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learning from friends or experimentation

This is not a very satisfactory or effective way to learn about sex.  At a single-sex school, sex is somewhat of a mystery even to those students who like to pretend they're worldly-wise and experienced.

Kids are going to talk about sex among themselves regardless of how much they know or don't know already, but peer influence is so strong that ignorance in these matters may be taken for truth.  For example, a boy could brag to his mates that he slept with a certain girl the night before when, in fact, he didn't.  A girl could tell her friends she experienced an orgasm when she doesn't have the first clue what it means to have one, or even what it is.  Kids often feel pressured to have sex when they are totally unready.  All this is hard enough, but can you imagine how confusing this morass of information is to a teenager who has been told nothing clearly?

Without the benefit of informed choices, a girl could find herself in the back seat of a car with her skirt up to her waist, unable to fend off unwanted advances.  Worse still, she may feel desires and arousal she doesn't understand.  Her own responses can terrify her.  What of the boy or girl who is sexually attracted to friends of the same gender, or who develops a crush on the teacher?  How much of this is 'wrong' and how much is a normal part of development?

It's very difficult for a teenager of either sex to ask for help and guidance.  Being secretive and rebellious is all part of the growing-up process.  If the lines of communication were not laid down in childhood, it's very hard to establish them during the teenage years.  A common cry I hear from parents is, 'Why won't my teenage child talk to me?'.  The answer is simple — teenagers tend not to trust adults and they certainly won't open up to parents who have not been available in the child's earlier years.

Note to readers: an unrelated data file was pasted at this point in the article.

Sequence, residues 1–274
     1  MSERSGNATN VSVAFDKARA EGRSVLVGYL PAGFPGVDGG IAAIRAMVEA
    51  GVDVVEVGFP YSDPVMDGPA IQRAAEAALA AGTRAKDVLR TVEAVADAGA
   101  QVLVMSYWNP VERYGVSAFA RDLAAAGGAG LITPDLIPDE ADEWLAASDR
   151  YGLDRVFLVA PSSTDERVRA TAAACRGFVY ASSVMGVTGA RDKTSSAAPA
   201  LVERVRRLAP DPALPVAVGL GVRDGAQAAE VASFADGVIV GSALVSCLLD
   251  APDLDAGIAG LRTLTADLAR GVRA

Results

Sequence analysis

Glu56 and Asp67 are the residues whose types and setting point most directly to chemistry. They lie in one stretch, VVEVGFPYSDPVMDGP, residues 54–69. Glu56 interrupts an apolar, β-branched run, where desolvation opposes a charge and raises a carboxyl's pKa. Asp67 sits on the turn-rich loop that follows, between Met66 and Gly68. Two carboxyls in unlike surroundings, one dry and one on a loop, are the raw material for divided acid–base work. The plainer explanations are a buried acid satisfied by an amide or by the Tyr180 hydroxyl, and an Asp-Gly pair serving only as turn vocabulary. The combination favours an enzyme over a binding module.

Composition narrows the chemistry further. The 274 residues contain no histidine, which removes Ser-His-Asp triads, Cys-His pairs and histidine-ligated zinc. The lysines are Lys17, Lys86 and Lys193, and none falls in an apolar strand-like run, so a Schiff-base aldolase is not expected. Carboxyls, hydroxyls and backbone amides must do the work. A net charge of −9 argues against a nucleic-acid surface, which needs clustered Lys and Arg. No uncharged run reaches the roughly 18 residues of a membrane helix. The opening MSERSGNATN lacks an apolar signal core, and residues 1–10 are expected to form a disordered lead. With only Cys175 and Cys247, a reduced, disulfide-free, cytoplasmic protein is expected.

Yet, at best, books about sex and clinical talks at school are substitutes and should only be supplements to the real thing.  No parent would really want their child to learn about sex from a pornographic magazine or in the back seat of a car.  I did a lot of so-called petting when I was a teenager and I used to say that my boyfriends and I did a lot of 'groping' but we didn't know what we were groping for!  In those days, nice girls didn't and there was never any question of going 'all the way' — but we did everything else.

That type of experimentation is normal and healthy, as is masturbation and talking and joking about sex.  What I'm against is leaving young people to find out about sex from their mistakes and misinformation they pick up.  It's too serious for that.

Having sex prematurely, unwanted pregnancy, scarred reputations, suicide, drug-taking and alcoholism, anxiety, poor school performance — these are just some of the consequences of inadequate sex education.

A lot of the unfortunate attitudes about sex that cause problems in adult life stem from false ideas that are placed into young minds.  Sexual dysfunctions, non-orgasmic women, sexual partners unable to talk to each other freely, adultery, divorce, stress on male sexual performance, low libido problems, even infertility, can be linked in part to lack of knowledge.

In summary, let me just say that a lack of sex education is an incomplete education.  It is a false picture of life we are offering young people at school if we do not arm them with at least the basic facts about their bodies, the importance of hygiene and practising safe sex, how to relate to each other in a sexual way, what sexual pleasure entails, how to avoid pregnancy and so on.  It's no use putting our heads in the sand and ignoring these obligations.  I'd go so far as to say that no parent has the right to choose not to teach their children about sex.  If they can't talk about it themselves, they should designate another adult in the family to do it, or supply the necessary literature.

Even before the onset of puberty, kids are naturally curious in a specific way about sex, and from puberty onwards, the curiosity becomes much more urgent as bodies develop and urges increase.  This is inevitable and unstoppable.  To tell kids just to 'control themselves' is no answer at all.  It's like suggesting that the moon shouldn't bother to come out one night.  We adults are the ones with the blinkers on and it's up to us to remove them.  I'm all for self-discipline but the young must be allowed to make informed choices; otherwise, they grow up into adults who lurch from mistake to mistake, hurt others, become addicted to sex and other things, are unable to sustain meaningful relationships, and become statistics of loneliness, unhappiness and often suicide.



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